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Who Benefits from Universal Child Care? Estimating Marginal Returns to Early Child Care Attendance

Author

Listed:
  • Cornelissen, Thomas

    () (University of York)

  • Dustmann, Christian

    () (University College London)

  • Raute, Anna

    () (University of Mannheim)

  • Schönberg, Uta

    () (University College London)

Abstract

In this paper, we examine the heterogeneous treatment effects of a universal child care (preschool) program in Germany by exploiting the exogenous variation in attendance caused by a reform that led to a large staggered expansion across municipalities. Drawing on novel administrative data from the full population of compulsory school entry examinations, we find that children with lower (observed and unobserved) gains are more likely to select into child care than children with higher gains. This pattern of reverse selection on gains is driven by unobserved family background characteristics: children from disadvantaged backgrounds are less likely to attend child care than children from advantaged backgrounds but have larger treatment effects because of their worse outcome when not enrolled in child care.

Suggested Citation

  • Cornelissen, Thomas & Dustmann, Christian & Raute, Anna & Schönberg, Uta, 2018. "Who Benefits from Universal Child Care? Estimating Marginal Returns to Early Child Care Attendance," IZA Discussion Papers 11688, Institute for the Study of Labor (IZA).
  • Handle: RePEc:iza:izadps:dp11688
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    References listed on IDEAS

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    1. James Heckman & Seong Hyeok Moon & Rodrigo Pinto & Peter Savelyev & Adam Yavitz, 2010. "Analyzing social experiments as implemented: A reexamination of the evidence from the HighScope Perry Preschool Program," Quantitative Economics, Econometric Society, vol. 1(1), pages 1-46, July.
    2. Heckman, James J. & Moon, Seong Hyeok & Pinto, Rodrigo & Savelyev, Peter A. & Yavitz, Adam, 2010. "The rate of return to the HighScope Perry Preschool Program," Journal of Public Economics, Elsevier, vol. 94(1-2), pages 114-128, February.
    3. Cornelissen, Thomas & Dustmann, Christian & Raute, Anna & Schönberg, Uta, 2016. "From LATE to MTE: Alternative methods for the evaluation of policy interventions," Labour Economics, Elsevier, vol. 41(C), pages 47-60.
    4. Pia S. Schober & Juliane F. Stahl, 2014. "Trends in der Kinderbetreuung: sozioökonomische Unterschiede verstärken sich in Ost und West," DIW Wochenbericht, DIW Berlin, German Institute for Economic Research, vol. 81(40), pages 986-994.
    5. Sandner, Malte & Jungmann, Tanja, 2016. "How much can we trust maternal ratings of early child development in disadvantaged samples?," Economics Letters, Elsevier, vol. 141(C), pages 73-76.
    6. Herbst, Chris M. & Tekin, Erdal, 2012. "The geographic accessibility of child care subsidies and evidence on the impact of subsidy receipt on childhood obesity," Journal of Urban Economics, Elsevier, vol. 71(1), pages 37-52.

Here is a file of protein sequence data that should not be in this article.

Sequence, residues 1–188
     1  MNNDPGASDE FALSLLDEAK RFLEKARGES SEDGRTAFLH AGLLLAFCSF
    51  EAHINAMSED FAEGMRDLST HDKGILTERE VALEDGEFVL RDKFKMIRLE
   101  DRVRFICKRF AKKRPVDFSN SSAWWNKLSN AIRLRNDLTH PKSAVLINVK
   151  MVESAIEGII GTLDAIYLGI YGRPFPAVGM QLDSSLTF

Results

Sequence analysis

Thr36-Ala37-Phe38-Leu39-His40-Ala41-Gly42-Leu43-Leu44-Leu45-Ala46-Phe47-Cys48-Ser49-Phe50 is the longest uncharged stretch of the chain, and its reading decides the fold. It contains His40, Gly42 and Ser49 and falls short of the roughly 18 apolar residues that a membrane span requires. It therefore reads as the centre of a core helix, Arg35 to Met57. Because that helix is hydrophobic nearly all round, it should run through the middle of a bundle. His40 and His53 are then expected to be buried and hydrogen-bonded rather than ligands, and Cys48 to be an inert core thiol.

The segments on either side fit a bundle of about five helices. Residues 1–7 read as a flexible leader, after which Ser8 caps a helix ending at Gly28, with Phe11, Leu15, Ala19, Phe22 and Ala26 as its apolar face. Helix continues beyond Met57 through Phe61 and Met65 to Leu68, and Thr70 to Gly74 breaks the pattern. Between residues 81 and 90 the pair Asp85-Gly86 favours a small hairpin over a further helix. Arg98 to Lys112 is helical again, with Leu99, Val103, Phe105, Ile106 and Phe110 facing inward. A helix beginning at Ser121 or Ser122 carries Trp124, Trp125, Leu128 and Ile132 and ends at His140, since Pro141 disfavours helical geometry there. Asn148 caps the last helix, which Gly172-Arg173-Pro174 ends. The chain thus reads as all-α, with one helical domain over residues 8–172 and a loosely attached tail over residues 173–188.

7. Flavio Cunha & James J. Heckman, 2008. "Formulating, Identifying and Estimating the Technology of Cognitive and Noncognitive Skill Formation," Journal of Human Resources, University of Wisconsin Press, vol. 43(4).
    8. Michael J. Kottelenberg & Steven F. Lehrer, 2017. "Targeted or Universal Coverage? Assessing Heterogeneity in the Effects of Universal Child Care," Journal of Labor Economics, University of Chicago Press, vol. 35(3), pages 609-653.
    9. Aakvik, Arild & Heckman, James J. & Vytlacil, Edward J., 2005. "Estimating treatment effects for discrete outcomes when responses to treatment vary: an application to Norwegian vocational rehabilitation programs," Journal of Econometrics, Elsevier, vol. 125(1-2), pages 15-51.
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    Cited by:

    1. Lergetporer, Philipp & Werner, Katharina & Woessmann, Ludger, 2018. "Educational Inequality and Public Policy Preferences: Evidence from Representative Survey Experiments," IZA Discussion Papers 11730, Institute for the Study of Labor (IZA).
    2. Nina Drange & Kjetil Telle, 2018. "Universal child care and inequality of opportunity. Descriptive findings from Norway," Discussion Papers 880, Statistics Norway, Research Department.
    3. Sandner, Malte & Thomsen, Stephan L., 2018. "The Effects of Universal Public Childcare Provision on Cases of Child Neglect and Abuse," IZA Discussion Papers 11687, Institute for the Study of Labor (IZA).
    4. Anna Busse & Christina Gathmann, 2018. "Free Daycare and Its Effects on Children and Their Families," SOEPpapers on Multidisciplinary Panel Data Research 958, DIW Berlin, The German Socio-Economic Panel (SOEP).

    More about this item

    Keywords

    universal child care; child development; marginal treatment effects;

    JEL classification:

    • J13 - Labor and Demographic Economics - - Demographic Economics - - - Fertility; Family Planning; Child Care; Children; Youth
    • J15 - Labor and Demographic Economics - - Demographic Economics - - - Economics of Minorities, Races, Indigenous Peoples, and Immigrants; Non-labor Discrimination
    • I28 - Health, Education, and Welfare - - Education - - - Government Policy

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